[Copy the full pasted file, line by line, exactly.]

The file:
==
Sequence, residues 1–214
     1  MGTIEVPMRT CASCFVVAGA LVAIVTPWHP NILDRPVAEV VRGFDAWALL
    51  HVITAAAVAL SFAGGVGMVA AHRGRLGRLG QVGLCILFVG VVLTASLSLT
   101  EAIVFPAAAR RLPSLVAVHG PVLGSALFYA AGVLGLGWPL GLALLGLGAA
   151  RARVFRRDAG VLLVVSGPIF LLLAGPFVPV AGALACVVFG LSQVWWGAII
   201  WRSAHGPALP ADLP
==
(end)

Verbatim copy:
Sequence, residues 1–214
     1  MGTIEVPMRT CASCFVVAGA LVAIVTPWHP NILDRPVAEV VRGFDAWALL
    51  HVITAAAVAL SFAGGVGMVA AHRGRLGRLG QVGLCILFVG VVLTASLSLT
   101  EAIVFPAAAR RLPSLVAVHG PVLGSALFYA AGVLGLGWPL GLALLGLGAA
   151  RARVFRRDAG VLLVVSGPIF LLLAGPFVPV AGALACVVFG LSQVWWGAII
   201  WRSAHGPALP ADLP